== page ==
It is quite natural a header div is one of the most important on-page elements and thus it is in constant focus of SEOs’ attention:
- it is a sitewide element – it “interlinks” / unites all site subpages (and thus is one of the most important components of your site internal architecture);
- it is the most prominent part of the site – it is usually located at the top of the page source code (and hence is a good place for your keywords).
Nonetheless not everything is that easy – while having a great SEO potential, a header may cause some serious problems as well:
- an over-optimized header may cause incorrect rankings (e.g. when home page is ranked higher than a more relevant sub page for example);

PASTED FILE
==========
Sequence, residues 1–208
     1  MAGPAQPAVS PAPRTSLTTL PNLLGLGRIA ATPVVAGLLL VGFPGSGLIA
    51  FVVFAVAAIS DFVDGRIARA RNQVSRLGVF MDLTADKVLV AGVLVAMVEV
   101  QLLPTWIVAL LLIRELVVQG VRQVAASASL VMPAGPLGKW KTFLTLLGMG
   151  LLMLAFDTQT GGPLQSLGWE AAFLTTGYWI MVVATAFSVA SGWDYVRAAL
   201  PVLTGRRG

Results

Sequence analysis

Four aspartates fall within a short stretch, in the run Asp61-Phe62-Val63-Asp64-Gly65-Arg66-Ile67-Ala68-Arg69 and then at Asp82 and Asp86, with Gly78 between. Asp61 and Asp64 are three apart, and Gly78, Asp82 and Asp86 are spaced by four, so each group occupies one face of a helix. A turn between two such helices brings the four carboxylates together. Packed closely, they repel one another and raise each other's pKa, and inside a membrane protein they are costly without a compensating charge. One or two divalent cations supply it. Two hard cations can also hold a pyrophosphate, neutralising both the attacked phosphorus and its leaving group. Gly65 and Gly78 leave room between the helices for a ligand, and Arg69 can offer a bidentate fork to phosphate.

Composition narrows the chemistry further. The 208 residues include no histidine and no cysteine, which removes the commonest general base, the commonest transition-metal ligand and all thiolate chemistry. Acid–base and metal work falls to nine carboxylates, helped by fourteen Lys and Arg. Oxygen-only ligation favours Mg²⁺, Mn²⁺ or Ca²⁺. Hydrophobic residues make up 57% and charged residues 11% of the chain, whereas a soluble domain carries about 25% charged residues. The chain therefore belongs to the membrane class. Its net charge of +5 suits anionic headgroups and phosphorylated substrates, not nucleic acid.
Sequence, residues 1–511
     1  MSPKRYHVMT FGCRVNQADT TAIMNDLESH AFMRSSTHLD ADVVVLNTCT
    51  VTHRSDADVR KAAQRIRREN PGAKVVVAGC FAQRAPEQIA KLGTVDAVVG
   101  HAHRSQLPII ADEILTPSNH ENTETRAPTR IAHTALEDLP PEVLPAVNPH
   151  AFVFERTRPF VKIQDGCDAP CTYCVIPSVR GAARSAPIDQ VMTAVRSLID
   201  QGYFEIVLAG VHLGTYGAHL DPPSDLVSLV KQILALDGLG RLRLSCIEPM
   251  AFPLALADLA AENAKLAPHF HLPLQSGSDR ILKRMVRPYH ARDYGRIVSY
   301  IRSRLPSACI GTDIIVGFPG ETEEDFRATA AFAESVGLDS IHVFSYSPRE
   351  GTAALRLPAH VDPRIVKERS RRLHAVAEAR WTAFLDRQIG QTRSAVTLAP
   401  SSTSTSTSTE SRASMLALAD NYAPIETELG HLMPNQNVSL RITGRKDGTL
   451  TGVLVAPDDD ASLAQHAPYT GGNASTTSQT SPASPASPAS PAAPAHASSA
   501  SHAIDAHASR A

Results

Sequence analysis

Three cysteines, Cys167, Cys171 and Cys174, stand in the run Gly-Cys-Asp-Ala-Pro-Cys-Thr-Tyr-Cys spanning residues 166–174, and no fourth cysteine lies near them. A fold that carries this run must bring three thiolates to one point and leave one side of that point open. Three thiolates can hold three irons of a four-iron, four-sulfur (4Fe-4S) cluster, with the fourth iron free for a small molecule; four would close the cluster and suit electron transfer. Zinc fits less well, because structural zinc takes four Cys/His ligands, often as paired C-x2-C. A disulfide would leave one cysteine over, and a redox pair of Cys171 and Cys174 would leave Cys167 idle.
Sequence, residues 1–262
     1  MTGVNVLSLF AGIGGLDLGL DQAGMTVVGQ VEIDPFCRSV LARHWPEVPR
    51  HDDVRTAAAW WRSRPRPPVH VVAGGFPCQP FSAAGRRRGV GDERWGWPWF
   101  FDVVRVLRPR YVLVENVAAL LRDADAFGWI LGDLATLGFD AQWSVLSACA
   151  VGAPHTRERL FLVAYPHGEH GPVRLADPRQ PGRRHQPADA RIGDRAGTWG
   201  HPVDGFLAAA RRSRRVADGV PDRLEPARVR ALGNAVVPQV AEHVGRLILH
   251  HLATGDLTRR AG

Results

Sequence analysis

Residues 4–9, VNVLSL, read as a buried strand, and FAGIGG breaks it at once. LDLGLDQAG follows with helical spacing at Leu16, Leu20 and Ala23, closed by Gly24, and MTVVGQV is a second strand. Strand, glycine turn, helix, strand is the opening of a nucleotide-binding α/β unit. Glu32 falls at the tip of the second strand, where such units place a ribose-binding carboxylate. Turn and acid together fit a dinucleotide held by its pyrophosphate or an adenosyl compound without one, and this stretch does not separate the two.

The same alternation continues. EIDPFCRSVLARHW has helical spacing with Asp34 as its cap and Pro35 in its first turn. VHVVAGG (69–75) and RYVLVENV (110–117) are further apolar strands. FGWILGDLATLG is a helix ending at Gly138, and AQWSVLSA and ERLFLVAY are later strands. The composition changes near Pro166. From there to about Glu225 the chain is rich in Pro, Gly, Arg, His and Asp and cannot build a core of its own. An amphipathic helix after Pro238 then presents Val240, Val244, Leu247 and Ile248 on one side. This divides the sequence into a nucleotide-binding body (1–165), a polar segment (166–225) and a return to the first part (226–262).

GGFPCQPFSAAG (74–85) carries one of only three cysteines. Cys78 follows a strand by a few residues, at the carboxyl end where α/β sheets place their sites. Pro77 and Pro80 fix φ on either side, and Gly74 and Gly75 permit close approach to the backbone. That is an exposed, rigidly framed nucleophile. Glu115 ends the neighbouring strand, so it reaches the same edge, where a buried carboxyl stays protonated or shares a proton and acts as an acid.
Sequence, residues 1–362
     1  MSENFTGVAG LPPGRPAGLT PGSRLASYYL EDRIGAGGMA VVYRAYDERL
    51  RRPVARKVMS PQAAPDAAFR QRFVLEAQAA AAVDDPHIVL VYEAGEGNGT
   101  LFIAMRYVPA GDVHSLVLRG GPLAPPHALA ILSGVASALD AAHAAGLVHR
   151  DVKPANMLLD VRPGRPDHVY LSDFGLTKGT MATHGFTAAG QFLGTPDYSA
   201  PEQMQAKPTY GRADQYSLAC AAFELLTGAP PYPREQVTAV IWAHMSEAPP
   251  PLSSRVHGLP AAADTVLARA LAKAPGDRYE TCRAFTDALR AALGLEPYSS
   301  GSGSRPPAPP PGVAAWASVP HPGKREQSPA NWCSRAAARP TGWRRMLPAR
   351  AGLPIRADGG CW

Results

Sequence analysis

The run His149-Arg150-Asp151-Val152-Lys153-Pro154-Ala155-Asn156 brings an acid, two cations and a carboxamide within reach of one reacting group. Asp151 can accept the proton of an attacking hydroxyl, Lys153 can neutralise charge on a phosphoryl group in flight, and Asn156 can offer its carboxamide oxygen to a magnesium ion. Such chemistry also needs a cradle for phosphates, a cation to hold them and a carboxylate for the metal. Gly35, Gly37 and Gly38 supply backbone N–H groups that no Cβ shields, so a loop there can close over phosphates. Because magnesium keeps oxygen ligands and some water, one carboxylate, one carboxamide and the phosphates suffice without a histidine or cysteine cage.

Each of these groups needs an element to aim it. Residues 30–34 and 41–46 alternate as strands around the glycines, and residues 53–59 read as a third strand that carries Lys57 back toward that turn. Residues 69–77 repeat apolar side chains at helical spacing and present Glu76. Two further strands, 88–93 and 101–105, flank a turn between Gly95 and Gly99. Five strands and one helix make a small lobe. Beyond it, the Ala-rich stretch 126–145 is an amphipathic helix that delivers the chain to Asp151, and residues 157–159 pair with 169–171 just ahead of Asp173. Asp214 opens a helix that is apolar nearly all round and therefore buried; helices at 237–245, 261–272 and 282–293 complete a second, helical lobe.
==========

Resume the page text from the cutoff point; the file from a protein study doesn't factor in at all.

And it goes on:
- an over-optimized header may lead to penalties (e.g. many of us saw penalties caused by internal anchor text over-optimization).
Most often questions related to header div SEO include:
- is it wiser to use a text link or a (linked) image banner?
- what’s preferable: to use keywords or a brand name as an image alternative text or link anchor text?
- should “home” link be “nofollowed”?
Here is how most prominent bloggers handle the header SEO:
So as far as you can see, there is no definitive answers. My own take on the header optimization is as follows:
- don’t have it linked to itself;
- don’t use “nofollow” attribute for it (while “first-link-is-the-only-that-counts” theory is still questionable, you better stay on the safe side);
- it’s best not to over-optimize the header with keywords, instead, use your brand name – it’s even better if your main keyword is included in your brand/ domain name (e.g. SEO book, SEO moz).
- (this needs more testing) try CSS positioning the entire header div after the main content block – thus you will “show” a search crawler each page unique element first and give each page specific keywords more prominence (avoid keyword cannibalization)